Referring again to FIG. 2, a compressible tubular plastic seal 48 is placed around the contact arm 44 and seated in cavity 19 in the gripping portion juncture end 11 and cavity 43 in brush portion juncture end 31 of the handle 1. As illustrated in FIG. 3, the length of the tubular seal 48 is greater than the combined depths of cavities 19 and 43 and the intervening gap between the juncture ends 11 and 31. During the final assembly of the gripping and brush portions 10 and 30 of the handle 1, the seal 48 is compressed to insure that it is firmly seated in the cavities 19 and 43. This prevents moisture from entering the cavity 14 to prevent corrosion of the electrical components. Preferably, the seal 48 is made from polyvinyl chloride or silicone rubber.
Having described the structure of the handle 1, its operation will be explained with reference to FIGS. 3 and 4. When a force in excess of about 300 grams is applied through gripping portion of handle 1 and transferred to the bristle portion 32 of the brush portion 30, the springs 46 compress and the portions 10 and 30 pivot about hinge pin 42. This causes the conductive portion 45 of the contact arm 44 to come into contact with battery 25, thereby completing the circuit, illustrated in FIG. 5, and lighting L.E.D. 26. The motion of the tip of the conductive portion 45 of the contact arm 44 is arcuate. But upon contacting the surface of the battery 25, the contact arm 44 flexes slightly, causing the tip of the conductive portion 45 to scrape along the surface, penetrating any surface oxidation which may interfere with the conductive contact with the battery 25.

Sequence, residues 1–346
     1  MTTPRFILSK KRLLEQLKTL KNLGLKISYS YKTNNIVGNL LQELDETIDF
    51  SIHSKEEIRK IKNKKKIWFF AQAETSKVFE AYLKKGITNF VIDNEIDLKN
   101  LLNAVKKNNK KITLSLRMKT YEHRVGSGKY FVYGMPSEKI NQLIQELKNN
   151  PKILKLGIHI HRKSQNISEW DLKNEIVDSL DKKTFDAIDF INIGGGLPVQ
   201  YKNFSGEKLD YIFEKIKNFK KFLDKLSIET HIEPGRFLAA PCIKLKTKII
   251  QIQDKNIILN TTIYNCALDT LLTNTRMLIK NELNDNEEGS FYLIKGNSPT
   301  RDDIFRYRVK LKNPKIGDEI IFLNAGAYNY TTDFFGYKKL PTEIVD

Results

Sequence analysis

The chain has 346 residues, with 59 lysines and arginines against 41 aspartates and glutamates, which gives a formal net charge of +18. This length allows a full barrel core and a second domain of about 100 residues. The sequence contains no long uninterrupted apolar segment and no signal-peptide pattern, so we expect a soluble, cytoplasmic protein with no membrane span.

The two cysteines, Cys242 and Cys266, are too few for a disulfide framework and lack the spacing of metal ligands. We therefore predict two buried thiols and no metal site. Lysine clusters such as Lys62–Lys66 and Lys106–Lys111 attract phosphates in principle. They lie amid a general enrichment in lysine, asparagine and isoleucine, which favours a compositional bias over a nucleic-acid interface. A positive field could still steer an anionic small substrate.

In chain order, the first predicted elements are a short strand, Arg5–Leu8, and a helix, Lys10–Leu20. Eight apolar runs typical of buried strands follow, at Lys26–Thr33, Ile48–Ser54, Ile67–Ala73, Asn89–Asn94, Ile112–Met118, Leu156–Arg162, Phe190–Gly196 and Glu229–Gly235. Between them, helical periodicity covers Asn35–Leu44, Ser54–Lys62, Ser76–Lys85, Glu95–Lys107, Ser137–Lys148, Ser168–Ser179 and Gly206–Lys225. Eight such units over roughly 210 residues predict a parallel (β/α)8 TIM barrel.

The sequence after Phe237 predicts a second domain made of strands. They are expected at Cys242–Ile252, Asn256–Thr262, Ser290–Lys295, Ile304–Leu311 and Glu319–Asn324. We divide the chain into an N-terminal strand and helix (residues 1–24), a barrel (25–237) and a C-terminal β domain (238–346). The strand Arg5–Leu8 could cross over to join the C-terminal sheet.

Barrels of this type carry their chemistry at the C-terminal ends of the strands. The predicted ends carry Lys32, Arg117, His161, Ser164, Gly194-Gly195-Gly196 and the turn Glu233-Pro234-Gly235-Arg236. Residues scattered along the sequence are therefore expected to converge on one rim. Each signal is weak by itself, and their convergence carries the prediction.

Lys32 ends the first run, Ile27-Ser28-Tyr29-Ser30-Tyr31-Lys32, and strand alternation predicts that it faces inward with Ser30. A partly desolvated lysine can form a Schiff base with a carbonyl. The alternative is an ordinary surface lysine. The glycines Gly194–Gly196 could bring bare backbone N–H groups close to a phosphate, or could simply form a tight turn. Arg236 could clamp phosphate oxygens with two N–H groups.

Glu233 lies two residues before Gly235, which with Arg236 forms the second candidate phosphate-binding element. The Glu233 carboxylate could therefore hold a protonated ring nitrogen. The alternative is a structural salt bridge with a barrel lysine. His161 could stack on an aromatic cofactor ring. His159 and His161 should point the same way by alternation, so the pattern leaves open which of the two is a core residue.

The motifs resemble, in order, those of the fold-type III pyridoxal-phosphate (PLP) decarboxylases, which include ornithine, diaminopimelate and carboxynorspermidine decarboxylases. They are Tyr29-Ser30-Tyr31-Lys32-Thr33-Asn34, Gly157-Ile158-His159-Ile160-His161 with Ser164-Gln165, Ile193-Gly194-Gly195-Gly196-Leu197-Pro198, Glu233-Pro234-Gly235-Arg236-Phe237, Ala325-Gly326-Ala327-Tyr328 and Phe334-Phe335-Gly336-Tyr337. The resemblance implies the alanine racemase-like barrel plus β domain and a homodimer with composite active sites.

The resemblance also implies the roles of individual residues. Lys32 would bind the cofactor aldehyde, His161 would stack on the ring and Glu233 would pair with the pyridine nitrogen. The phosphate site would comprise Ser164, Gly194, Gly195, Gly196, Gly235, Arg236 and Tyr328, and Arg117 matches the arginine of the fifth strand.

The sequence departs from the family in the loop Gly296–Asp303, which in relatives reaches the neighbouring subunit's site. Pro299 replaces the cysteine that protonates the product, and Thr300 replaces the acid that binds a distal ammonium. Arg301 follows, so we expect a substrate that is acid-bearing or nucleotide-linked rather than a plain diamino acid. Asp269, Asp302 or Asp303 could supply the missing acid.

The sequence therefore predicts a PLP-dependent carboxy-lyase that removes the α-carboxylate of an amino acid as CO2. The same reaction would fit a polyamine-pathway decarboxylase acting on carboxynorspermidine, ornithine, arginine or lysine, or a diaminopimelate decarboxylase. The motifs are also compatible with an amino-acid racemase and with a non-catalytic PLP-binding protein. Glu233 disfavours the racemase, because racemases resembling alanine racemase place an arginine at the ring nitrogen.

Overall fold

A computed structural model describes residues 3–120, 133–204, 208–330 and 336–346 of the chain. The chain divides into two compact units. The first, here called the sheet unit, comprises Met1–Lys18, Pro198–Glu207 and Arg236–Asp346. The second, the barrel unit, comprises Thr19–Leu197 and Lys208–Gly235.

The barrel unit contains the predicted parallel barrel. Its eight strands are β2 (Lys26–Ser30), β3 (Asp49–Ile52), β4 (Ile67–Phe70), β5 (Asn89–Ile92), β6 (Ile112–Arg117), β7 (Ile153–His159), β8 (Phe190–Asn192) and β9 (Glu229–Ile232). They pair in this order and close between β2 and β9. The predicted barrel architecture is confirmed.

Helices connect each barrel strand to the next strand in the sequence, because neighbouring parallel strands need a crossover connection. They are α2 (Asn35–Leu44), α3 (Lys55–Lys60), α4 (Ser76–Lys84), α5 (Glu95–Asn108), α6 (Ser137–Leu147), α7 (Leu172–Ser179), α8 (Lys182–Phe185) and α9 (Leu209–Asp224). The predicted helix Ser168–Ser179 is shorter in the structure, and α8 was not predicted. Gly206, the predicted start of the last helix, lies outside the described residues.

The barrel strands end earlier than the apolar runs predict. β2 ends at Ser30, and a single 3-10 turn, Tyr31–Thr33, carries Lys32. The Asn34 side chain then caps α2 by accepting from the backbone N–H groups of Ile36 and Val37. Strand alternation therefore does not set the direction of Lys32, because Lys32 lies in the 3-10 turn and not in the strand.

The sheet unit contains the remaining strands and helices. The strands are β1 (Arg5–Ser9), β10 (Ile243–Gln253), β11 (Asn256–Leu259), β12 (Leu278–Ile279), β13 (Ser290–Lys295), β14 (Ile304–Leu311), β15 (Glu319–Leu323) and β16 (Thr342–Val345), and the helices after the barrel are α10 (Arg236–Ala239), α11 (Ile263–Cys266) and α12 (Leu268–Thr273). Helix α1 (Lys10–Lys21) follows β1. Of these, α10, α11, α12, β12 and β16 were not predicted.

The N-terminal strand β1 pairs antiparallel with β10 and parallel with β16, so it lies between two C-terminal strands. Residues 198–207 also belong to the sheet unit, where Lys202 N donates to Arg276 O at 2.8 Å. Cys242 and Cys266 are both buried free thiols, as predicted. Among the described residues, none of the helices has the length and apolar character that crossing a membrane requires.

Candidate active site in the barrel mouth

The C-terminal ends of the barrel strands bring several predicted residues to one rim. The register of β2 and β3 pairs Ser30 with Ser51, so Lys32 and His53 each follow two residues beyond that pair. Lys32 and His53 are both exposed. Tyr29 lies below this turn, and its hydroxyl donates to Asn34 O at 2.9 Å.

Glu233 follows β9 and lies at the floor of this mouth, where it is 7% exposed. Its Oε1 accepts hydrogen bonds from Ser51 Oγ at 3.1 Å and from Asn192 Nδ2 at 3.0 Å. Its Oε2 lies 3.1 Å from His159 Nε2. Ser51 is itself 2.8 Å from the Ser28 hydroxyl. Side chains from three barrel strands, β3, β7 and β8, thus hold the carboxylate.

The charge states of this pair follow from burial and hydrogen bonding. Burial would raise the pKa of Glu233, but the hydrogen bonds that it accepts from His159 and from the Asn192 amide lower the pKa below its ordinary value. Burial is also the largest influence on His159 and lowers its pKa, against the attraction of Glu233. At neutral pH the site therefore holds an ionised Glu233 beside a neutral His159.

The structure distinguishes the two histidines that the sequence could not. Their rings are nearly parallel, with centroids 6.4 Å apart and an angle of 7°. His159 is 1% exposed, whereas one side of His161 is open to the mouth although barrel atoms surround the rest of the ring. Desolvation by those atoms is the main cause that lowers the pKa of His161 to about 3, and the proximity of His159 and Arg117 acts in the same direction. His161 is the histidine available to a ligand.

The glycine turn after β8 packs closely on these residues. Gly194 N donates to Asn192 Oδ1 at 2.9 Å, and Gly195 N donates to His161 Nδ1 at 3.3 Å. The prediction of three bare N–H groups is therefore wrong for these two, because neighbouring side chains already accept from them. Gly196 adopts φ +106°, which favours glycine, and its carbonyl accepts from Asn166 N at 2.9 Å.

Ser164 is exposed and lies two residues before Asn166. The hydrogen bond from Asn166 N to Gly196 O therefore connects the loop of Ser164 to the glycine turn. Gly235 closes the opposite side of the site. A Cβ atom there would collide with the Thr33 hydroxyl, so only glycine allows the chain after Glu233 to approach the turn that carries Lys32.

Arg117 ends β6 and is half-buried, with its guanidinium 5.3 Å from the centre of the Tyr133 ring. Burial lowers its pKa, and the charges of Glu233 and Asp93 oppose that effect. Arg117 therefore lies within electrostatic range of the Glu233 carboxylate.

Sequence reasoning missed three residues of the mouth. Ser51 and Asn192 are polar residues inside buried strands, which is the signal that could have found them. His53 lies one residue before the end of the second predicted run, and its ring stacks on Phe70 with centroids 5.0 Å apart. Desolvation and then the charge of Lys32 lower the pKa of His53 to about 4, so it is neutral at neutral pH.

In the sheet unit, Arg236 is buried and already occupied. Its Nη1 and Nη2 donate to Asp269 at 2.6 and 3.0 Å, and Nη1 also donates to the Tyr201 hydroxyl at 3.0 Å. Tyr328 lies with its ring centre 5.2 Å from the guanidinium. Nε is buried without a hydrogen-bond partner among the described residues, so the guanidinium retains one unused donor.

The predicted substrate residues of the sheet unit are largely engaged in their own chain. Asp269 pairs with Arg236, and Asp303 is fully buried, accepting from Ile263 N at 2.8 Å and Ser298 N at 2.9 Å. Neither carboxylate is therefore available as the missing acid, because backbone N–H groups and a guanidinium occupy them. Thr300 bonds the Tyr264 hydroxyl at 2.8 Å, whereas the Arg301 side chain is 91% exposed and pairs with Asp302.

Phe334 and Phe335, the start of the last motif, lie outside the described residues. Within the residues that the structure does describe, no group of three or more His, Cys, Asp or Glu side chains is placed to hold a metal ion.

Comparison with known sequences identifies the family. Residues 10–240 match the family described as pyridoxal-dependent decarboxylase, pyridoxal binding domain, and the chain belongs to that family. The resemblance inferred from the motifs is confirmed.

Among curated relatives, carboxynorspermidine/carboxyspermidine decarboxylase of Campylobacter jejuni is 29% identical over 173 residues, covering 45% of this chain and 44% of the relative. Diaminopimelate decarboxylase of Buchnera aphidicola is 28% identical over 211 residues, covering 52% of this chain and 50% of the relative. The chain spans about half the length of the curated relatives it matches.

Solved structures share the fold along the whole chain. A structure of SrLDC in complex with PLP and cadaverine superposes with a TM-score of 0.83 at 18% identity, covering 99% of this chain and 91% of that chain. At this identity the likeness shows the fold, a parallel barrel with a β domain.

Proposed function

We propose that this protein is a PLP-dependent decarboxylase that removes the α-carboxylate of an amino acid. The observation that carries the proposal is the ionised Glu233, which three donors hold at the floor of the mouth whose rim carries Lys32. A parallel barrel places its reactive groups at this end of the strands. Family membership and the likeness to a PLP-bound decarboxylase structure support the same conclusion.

The lighted L.E.D. 26 provides a visual signal which can be seen through the transparent or translucent part of the gripping portion be and/or cover 23 of the handle 1 and can be observed by the user in a mirror. In the preferred embodiment, a lighted L.E.D. indicates that too much brushing force is being applied.
If additional force is applied beyond the amount required to bring arm 44 into contact with battery 25, the stops 36 on the juncture end 31 of brush portion 30 come into contact with juncture end 11 of the gripping portion 10. This prevents damage to the contact arm 44.
If desired, an audio signal generator can be substituted for or provided in addition to the L.E.D. to provide an audible warning or both an audible and visual warning when excessive brushing force is applied.